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Will I benefit from upgrading my case fans?

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  • Heatsinks
  • Cases
  • Fan
  • Antec
  • Overclocking
Last response: in Overclocking
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February 9, 2012 9:43:48 PM

Hello TH peeps,

I recently did the "take off your side panel and blow a home fan into your case" test. While the fan itself didn't seem to do much in the way of cooling anything, having the side panel off did net me about 3 degrees (Celsius).

My case setup...
- Antec 1200 (original)
* 3 original front case fans (intake)
* 1 internal-bay Antec Tri-cool (blowing on the GPU's)
* 1 side Antec Tri-cool (intake)
* 2 original back case fans (exhaust)
* 1 original top case fan (exhaust)

All fans are running at their max speed...Performance > Noise for me

My question is, will I benefit (lower temps) from upgrading my case fans? Or have I just reached the max potential of this case? Would it be more prudent to just save the money I'd spend on fans and put it toward a better case?

Thanks,
Drew

PS: Also, I just ordered an H100. Will I benefit (again, lower temps) if I upgrade the fans on it?

More about : benefit upgrading case fans

February 9, 2012 10:33:57 PM

wow... you've got a lot of fans.

I have 3 fans:
-Front, intake: Cooler Master megaflow 200mm, 900 RPM, 110 CFM .
-Side panel, intake: Scythe Slip Stream 120mm, 1900 RPM, 110 CFM
-At the back,outtake , also used for H50 water cooling, EZCool, I don't know its spec. because it came with the computer.

All This keeps the following components at the following temperatures:
-Graphics card:GTX 560 Ti constant 30C at idle and 50-55C during GTA IV and Metro 2033 (both with maxed out settings)
-CPU: AMD 1055t, 6 core processor , 20-23C at idle, up to 35C on heavy use. I have never seen it go above 38C.

I use a fan controller though because the scythe fan is pretty loud and gets very annoying if my sound system is not in use/if not wearing headphones. I use the controller to turn off the scythe fan when i'm not gaming. With that fan off the GPU temp is a constant 60C during heavy load and around 30-35C at idle. My CPU is almost unaffected by the scythe fan.


P.S.: Don't use your 'home fan' to cool your computer :D  The inside of your computer will become really dusty in a matter of hours.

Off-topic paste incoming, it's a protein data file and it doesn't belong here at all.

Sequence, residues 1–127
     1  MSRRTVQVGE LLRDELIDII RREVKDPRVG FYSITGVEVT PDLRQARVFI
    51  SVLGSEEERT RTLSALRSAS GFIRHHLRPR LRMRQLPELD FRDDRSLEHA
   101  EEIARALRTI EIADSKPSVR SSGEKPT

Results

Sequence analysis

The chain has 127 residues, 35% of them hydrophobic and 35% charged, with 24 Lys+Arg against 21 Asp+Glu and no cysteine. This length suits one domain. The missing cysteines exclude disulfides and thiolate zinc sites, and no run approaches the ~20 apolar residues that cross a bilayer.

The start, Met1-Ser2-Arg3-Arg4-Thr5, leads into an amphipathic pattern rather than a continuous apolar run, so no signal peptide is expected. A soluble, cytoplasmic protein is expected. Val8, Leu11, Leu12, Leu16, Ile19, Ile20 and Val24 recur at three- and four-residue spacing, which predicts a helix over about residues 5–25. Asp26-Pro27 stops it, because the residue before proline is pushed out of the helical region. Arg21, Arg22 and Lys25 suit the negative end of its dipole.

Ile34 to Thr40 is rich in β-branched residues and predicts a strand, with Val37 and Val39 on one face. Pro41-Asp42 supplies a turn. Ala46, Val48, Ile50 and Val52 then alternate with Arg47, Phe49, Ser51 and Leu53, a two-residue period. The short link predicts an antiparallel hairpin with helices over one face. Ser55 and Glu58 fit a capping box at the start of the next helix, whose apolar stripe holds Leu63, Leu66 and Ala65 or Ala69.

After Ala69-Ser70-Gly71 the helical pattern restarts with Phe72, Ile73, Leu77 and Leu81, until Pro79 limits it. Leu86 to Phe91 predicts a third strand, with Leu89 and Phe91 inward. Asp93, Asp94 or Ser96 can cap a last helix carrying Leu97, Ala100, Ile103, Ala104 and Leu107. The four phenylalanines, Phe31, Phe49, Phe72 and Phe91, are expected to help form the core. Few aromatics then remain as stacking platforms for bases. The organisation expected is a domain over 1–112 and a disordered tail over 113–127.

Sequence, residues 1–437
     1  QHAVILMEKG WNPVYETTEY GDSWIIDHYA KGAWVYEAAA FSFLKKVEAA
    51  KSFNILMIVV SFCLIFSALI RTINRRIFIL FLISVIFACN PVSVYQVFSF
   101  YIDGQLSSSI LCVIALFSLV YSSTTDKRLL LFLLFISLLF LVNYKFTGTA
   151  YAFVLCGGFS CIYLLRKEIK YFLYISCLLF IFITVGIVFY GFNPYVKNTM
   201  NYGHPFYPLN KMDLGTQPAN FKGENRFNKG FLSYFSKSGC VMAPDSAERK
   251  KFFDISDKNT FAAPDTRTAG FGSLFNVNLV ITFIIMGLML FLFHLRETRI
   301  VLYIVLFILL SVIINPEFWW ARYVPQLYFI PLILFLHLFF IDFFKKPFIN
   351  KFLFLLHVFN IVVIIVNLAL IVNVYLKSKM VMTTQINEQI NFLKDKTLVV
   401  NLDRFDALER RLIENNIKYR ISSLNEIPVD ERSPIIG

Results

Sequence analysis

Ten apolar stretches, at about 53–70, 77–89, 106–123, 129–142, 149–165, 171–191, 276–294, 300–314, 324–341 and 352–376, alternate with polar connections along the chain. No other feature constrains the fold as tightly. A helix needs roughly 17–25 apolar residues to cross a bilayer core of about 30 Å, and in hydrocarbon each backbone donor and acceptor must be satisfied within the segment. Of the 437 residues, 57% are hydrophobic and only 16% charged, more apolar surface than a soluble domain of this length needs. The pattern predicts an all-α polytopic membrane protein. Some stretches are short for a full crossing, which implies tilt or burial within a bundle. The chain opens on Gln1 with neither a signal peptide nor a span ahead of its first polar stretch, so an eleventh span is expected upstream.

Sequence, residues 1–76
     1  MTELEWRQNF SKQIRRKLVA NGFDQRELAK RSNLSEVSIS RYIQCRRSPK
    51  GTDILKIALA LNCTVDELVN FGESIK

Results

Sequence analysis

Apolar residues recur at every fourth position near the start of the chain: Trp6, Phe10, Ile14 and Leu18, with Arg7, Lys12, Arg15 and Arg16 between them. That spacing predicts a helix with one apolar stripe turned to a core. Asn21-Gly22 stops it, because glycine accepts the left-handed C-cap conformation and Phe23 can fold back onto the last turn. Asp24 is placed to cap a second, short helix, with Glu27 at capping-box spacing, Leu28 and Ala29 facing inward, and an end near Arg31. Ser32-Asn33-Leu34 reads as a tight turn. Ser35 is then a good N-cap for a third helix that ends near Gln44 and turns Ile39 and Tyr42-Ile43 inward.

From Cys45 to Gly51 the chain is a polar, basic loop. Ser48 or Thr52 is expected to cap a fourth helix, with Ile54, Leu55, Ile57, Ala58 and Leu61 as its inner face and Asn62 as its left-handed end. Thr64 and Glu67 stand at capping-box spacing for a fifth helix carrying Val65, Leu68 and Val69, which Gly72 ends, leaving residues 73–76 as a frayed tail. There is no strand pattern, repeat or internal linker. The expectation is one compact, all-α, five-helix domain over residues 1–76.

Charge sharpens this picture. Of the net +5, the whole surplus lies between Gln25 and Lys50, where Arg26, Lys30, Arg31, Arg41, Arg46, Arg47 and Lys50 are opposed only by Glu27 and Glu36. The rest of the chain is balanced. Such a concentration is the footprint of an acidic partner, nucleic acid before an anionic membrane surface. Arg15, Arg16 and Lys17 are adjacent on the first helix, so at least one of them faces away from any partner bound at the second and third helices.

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a b K Overclocking
February 10, 2012 12:07:14 AM

You will probably have to reconfigure your fans when you install the H100.

For best cooling you want to have the fans of the H100 pulling air into the case.

You will definitely benefit from upgrading the fans on the H100 or at least adding two more to get a push/pull configuration.

The set up I use in my HAF X is: H100 pulls air into top of case (4x120mm fans), front panel 200mm fan pulls air in, back 120mm fan exhausts, side 200mm fan exhausts.
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a c 106 K Overclocking
February 10, 2012 12:51:31 AM

I have the same case with the exact same fan setup. 5 stock and 2 optional 120mm Antec TriCools + the 200mm top exhaust fan. Add the 140mm PSU fan and the graphics card is an external exhaust version and a 120mm fan on my Scythe Mugen 2 and yeah it's alot of fans. What exactly are you trying to cool? All my fans are on low and the case stays as cool and quiet as can be.
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February 10, 2012 5:52:29 PM

munyosz said:
wow... you've got a lot of fans.

I have 3 fans:
-Front, intake: Cooler Master megaflow 200mm, 900 RPM, 110 CFM .
-Side panel, intake: Scythe Slip Stream 120mm, 1900 RPM, 110 CFM
-At the back,outtake , also used for H50 water cooling, EZCool, I don't know its spec. because it came with the computer.

All This keeps the following components at the following temperatures:
-Graphics card:GTX 560 Ti constant 30C at idle and 50-55C during GTA IV and Metro 2033 (both with maxed out settings)
-CPU: AMD 1055t, 6 core processor , 20-23C at idle, up to 35C on heavy use. I have never seen it go above 38C.

I use a fan controller though because the scythe fan is pretty loud and gets very annoying if my sound system is not in use/if not wearing headphones. I use the controller to turn off the scythe fan when i'm not gaming. With that fan off the GPU temp is a constant 60C during heavy load and around 30-35C at idle. My CPU is almost unaffected by the scythe fan.


P.S.: Don't use your 'home fan' to cool your computer :D  The inside of your computer will become really dusty in a matter of hours.

My Q6600 runs about 38C at idle and 60C when running P95.
My top 9800GT runs about 40 idle and 62 full load